(4/3560) The pharmacokinetic modelling of GI198745 (dutasteride), a compound with parallel linear and nonlinear elimination.
AIMS: To characterize the pharmacokinetics of the dual 5alpha-reductase inhibitor GI198745 (dutasteride) to allow for more accurate predictions of GI198745 concentrations after different dosing schedules. METHODS: In this randomized, single-blind, parallel group study, 32 healthy male volunteers received single oral doses of GI198745 ranging from 0.01 to 40 mg. Data were analysed by nonlinear mixed effects modelling using NONMEM where both linear and nonlinear pharmacokinetic models were examined. RESULTS: The time course of GI198745 serum concentrations indicated concentration dependent elimination, with the apparent half-life increasing with dose. Data were best described by a two-compartment model with first order absorption and parallel linear and nonlinear elimination pathways. Drug absorption was rapid, and was followed by a short distribution phase. A high volume of distribution (511 l) and a low linear clearance (0.58 l h(-1)) combined to give a half-life of up to 5 (1-7) weeks at high concentrations. As concentrations declined towards Km (0.96 ng ml(-1)), the proportion eliminated by the relatively rapid saturable elimination pathway, with a maximum clearance of 6.2 l h(-1), increased and the half-life reduced to about 3 days. The estimated inter individual variability for the linear clearance was high (CV = 70%). CONCLUSIONS: G1198745 pharmacokinetics are well described by a pharmacokinetic model with parallel linear and nonlinear elimination. Simulations using this model show that at daily doses of 0.1 mg the steady state drug concentrations, and the rate at which these are achieved, are mainly influenced by the nonlinear pathway, while at daily doses above 1 mg they are almost entirely influenced by the linear pathway. (+info)
(5/3560) Ketotifen and cardiovascular effects of xamoterol following single and chronic dosing in healthy volunteers.
AIMS: To study whether desensitization occurs after long-term administration of the 1-adrenoceptor partial agonist xamoterol and, if so, whether this can be influenced by ketotifen. METHODS: In a double-blind, randomized design 10 young, healthy males received ketotifen (2 x 1 mg day(-1) p.o.) or placebo for 3 weeks with xamoterol (2 x 200 mg day(-1) p.o.) administered concomitantly during the last 2 weeks. 'l1-adrenoceptor mediated responses were assessed as exercise-induced tachycardia and isoprenaline-induced shortening of heart rate corrected electromechanical systole (QS2c); isoprenaline-induced tachycardia was measured as a mixed beta1-/beta2-adrenoceptor-mediated effect. RESULTS: The first dose of xamoterol significantly increased resting heart rate and systolic blood pressure and significantly shortened QS2c. The last dose of xamoterol after 2 weeks of treatment still produced the same responses. Ketotifen did not influence these effects of xamoterol on resting haemodynamics. The first dose of xamoterol caused a rightward shift of the exercise- and isoprenaline-induced tachycardia (mean dose ratios+/-s.e.mean: 1.20+/-0.05 and 2.46+/-0.23) and the isoprenaline-evoked shortening of QS2c (dose ratio 3.59+/-0.68). This rightward shift was even more pronounced after 2 weeks xamoterol treatment. This additional rightward shift after 2 weeks of xamoterol was not affected by ketotifen (mean difference (95% CI) of log transformed dose ratios between placebo and ketotifen: exercise tachycardia 0.001 (-0.03; 0.04); isoprenaline tachycardia 0.03 (-0.15; 0.21); isoprenaline induced shortening of QS2c 0.13 (-0.22; 0.48)). CONCLUSIONS: In humans xamoterol is a partial beta1-adrenoceptor agonist with positive chrono- and inotropic effects at rest and antagonistic properties under conditions of beta-adrenoceptor stimulation. These effects were well maintained after chronic dosing with no signs of beta1-adrenoceptor desensitization. Ketotifen does not change the beta-adrenoceptor mediated responses of xamoterol after chronic dosing. (+info)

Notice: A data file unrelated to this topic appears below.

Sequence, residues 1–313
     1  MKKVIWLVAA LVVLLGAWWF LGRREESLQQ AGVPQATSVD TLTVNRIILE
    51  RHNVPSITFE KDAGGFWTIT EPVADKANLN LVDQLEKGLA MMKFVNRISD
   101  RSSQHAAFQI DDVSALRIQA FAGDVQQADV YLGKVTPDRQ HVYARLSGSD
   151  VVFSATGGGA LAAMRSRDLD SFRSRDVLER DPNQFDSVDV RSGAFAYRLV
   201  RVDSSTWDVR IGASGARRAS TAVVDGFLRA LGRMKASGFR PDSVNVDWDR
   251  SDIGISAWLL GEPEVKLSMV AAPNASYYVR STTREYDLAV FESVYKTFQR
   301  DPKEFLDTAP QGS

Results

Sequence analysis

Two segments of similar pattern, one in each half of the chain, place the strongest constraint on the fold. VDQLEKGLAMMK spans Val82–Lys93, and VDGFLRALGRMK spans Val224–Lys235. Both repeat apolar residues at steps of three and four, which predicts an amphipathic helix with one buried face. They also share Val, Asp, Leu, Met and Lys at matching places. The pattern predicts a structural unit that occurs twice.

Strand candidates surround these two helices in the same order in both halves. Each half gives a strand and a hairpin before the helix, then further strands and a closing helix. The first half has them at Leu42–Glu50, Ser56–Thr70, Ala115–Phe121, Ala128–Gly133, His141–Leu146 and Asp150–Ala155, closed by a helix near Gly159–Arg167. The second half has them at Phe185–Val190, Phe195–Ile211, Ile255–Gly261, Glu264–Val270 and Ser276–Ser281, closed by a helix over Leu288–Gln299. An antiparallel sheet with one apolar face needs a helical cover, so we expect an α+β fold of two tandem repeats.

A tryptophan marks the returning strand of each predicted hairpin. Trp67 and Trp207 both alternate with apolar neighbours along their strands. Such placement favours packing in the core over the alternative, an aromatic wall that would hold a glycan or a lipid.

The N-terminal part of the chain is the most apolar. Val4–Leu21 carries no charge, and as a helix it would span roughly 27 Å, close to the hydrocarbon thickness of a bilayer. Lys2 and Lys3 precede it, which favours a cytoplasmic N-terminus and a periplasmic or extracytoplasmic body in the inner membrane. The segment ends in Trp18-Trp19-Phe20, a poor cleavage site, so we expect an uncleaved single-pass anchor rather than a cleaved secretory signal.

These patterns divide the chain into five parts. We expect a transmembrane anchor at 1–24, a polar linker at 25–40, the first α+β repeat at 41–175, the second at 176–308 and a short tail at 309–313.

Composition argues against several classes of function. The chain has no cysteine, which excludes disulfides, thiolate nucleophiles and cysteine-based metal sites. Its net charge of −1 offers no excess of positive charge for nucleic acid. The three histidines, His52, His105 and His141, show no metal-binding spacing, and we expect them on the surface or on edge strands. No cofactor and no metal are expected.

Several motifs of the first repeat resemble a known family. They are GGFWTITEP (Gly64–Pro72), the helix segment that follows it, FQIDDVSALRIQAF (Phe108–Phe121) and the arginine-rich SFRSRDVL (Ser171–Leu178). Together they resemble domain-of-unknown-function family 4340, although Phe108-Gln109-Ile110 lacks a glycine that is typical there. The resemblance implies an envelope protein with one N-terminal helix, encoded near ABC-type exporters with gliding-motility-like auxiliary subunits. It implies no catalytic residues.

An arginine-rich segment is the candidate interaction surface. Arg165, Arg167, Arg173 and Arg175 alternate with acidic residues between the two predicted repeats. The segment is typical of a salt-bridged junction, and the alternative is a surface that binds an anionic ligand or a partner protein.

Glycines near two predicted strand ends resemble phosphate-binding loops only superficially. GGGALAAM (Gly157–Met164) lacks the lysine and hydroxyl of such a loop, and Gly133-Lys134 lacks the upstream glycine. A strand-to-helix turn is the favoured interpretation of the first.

(6/3560) Differential vascular alpha1-adrenoceptor antagonism by tamsulosin and terazosin.